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Joe Exotic sentenced in murder-for-hire plot against Big Cat Rescue CEO

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OKLAHOMA CITY (AP) — A former Oklahoma zookeeper and one-time candidate for governor was sentenced Wednesday to 22 years in prison for his role in a murder-for-hire plot and violating federal wildlife laws.

A federal judge in Oklahoma City sentenced 56-year-old Joseph Allen Maldonado-Passage — who is also known as “Joe Exotic” — for trying to arrange the killing of a Florida animal sanctuary founder who criticized his treatment of animals. The woman, Carole Baskin, wasn’t harmed.

Maldonado, who maintained his innocence, also was sentenced for killing five tigers, selling tiger cubs and falsifying wildlife records. A jury convicted him last April.

“I still maintain my innocence and looking forward in the upcoming days to my attorneys filing my appeal and moving onto the next step in this nightmare,” he said in a statement posted to his Facebook page.

Maldonado-Passage’s attorneys had argued for lenience, noting he had no previous criminal convictions and that because of his poor health, a sentence within the advisory guidelines would amount to a life sentence. Prosecutors were satisfied with the sentence.

“We are thankful for the Court’s thoughtful consideration of the gravity of this murder-for-hire scheme, as well as the defendant’s egregious wildlife crimes in imposing a 22-year sentence,” U.S. Attorney Tim Downing said in a statement.

During last year’s trial, a jury heard evidence that Maldonado-Passage paid a man $3,000 to travel to Florida and kill Baskin, with a promise to pay more after she was dead. Maldonado-Passage was upset that Baskin, an outspoken critic of his, had won a million-dollar civil judgment against him.

After his initial attempt failed, prosecutors say Maldonado-Passage offered $10,000 to an undercover FBI agent to kill Baskin during a meeting that was recorded and played for the jury. In the recording, he told the agent, “Just like follow her into a mall parking lot and just cap her and drive off.”

Baskin released this statement following Maldonado’s sentencing:

The conviction of Mr. Schreibvogel Maldonado Passage was made based upon only a handful of vivid examples of his malicious intent to murder me.  The prosecution didn’t need to present the daily barrage of threats to harm, rape or kill me that were my daily experience for the past ten years.

The evidence showed that over the course of many years, he has tried to coerce others into killing me, and in the end, resorted to hiring others to kill me.  If he had succeeded in carrying out his murderous plan, you might be calculating now, what the value of my life had been. It’s nothing short of a miracle that I’m able to stand before you today, and ask you to consider all that he was able to take from me.

Because of his constant threats to kill me, I have found myself seeing every bystander as a potential threat.  There is no where that I have felt safe, and worse, no way that I feel I can safeguard those around me. So many of his threats involved blowing me up, so that he could thrill over seeing me burn to death.  Even from jail he gleefully talks about the prospect of me dying a fiery death. Anyone near me; my daughter, my husband, my mother, my staff and volunteers have all been in peril because of his obsession with seeing me dead.  I live with the guilt associated with the danger, that my mere presence brings to each of them.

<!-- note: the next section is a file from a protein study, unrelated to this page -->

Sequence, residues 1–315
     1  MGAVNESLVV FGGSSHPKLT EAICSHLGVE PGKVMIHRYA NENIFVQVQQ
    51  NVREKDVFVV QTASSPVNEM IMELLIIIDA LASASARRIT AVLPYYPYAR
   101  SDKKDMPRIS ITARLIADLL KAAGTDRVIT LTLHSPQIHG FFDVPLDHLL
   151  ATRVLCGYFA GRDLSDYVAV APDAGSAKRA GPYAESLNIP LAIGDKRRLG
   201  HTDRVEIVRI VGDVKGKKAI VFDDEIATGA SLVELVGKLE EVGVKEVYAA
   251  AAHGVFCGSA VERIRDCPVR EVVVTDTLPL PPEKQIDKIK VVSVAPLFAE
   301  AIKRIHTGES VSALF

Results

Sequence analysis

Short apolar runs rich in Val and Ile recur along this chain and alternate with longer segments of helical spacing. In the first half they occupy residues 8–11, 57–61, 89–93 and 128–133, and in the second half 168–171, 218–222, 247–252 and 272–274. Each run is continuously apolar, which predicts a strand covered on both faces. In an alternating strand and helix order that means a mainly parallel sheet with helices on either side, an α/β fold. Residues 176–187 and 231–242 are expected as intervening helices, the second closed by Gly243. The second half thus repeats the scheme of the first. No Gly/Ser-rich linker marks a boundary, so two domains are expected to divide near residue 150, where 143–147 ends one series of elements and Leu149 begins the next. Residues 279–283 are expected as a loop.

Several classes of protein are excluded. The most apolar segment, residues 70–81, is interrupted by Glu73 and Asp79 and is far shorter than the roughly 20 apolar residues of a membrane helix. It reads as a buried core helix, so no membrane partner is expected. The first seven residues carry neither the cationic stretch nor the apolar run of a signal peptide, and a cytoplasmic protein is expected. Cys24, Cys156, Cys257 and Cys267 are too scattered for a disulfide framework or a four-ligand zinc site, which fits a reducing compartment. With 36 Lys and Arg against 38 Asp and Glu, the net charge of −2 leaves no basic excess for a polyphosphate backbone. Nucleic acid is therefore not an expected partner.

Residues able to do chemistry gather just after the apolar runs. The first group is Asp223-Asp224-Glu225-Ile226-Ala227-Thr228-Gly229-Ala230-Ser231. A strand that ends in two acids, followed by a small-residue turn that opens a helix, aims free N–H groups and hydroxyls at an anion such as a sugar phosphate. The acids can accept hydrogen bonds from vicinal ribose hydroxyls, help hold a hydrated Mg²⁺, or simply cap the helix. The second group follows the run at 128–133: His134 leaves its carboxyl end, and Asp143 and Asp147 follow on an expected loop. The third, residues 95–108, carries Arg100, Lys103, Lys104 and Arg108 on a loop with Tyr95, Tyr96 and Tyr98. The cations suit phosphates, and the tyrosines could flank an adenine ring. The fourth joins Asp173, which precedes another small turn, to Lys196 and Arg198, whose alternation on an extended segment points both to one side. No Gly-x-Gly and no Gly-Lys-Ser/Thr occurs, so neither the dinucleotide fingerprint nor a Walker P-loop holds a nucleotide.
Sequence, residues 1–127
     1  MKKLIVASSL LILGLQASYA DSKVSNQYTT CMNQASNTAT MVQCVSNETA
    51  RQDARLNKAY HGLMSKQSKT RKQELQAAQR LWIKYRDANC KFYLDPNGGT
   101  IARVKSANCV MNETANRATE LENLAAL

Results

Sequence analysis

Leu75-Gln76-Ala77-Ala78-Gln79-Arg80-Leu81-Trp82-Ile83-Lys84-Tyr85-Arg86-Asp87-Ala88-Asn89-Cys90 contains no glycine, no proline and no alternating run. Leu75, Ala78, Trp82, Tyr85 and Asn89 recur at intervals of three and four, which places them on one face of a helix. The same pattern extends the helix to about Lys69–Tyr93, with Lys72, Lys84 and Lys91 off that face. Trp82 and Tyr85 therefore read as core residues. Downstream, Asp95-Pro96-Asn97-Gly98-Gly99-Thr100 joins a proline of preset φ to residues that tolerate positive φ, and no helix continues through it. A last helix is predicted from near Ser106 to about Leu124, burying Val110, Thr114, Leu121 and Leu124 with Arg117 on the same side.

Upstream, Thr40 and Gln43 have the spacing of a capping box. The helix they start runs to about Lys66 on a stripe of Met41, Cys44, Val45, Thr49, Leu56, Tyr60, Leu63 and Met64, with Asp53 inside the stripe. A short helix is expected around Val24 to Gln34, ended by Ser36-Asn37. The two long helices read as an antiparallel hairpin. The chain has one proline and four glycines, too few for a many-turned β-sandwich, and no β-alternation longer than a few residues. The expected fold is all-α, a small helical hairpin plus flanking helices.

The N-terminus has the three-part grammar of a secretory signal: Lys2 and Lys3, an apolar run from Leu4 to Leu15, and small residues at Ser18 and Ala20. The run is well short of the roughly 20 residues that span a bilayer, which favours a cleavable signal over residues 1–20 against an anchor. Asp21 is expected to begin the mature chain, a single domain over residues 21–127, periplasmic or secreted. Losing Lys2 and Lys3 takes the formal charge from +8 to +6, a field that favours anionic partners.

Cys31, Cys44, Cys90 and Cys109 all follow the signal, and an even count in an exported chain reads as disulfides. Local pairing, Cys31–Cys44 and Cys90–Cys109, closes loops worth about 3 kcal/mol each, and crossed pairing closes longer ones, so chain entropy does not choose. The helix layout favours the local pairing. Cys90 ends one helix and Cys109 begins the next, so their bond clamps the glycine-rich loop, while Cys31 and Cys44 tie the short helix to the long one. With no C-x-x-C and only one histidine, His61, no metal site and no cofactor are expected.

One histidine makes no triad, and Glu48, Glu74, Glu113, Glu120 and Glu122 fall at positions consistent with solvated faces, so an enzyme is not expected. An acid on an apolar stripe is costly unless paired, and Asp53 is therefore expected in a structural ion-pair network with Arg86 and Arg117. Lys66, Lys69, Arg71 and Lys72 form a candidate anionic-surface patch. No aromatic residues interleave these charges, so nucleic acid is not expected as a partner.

There are two important things the court might not know from the trial.  The first is important because I believe Mr. Schreibvogel Maldonado Passage will claim ill health to minimize his sentence.  In the 15 years I’ve known him he’s claimed to be dying of cancer, TB, renal failure and other trending illnesses. He’s alternated that with claims of being crippled and has feigned suicide attempts in order to manipulate others to his will.  The second thing is that over the years numerous people who worked at his zoo contacted us, after they left the zoo and told us that every single day he would rant about me. They all characterized him as obsessed.

As you consider his sentence, I would just like you to take into account that if this vicious, obsessed man is ever released from jail, my life and my family’s lives, will return to what it was like during the decade leading up to his arrest. If he completes his sentence and is released, we will end up spending the rest of our lives, constantly looking over our shoulders, for a threat to our lives. I hope you will give us as many years free of that threat as you can.  Thank you.

Carole Baskin

Known for his blonde mullet and expletive-laden rants on YouTube, Maldonado-Passage appeared on John Oliver’s “Last Week Tonight” when he was a 2016 write-in candidate for president. The next year, he announced his candidacy as a Libertarian candidate for Oklahoma governor, ultimately finishing third in a three-way primary. During the campaign, his 23-year-old husband, Travis Moldonado, died after authorities say he accidentally fatally shot himself in the head. Garvin County Sheriff Larry Rhodes said at the time that witnesses reported Moldonado put a loaded firearm to his head and pulled the trigger to prove the weapon would not fire with the magazine removed.

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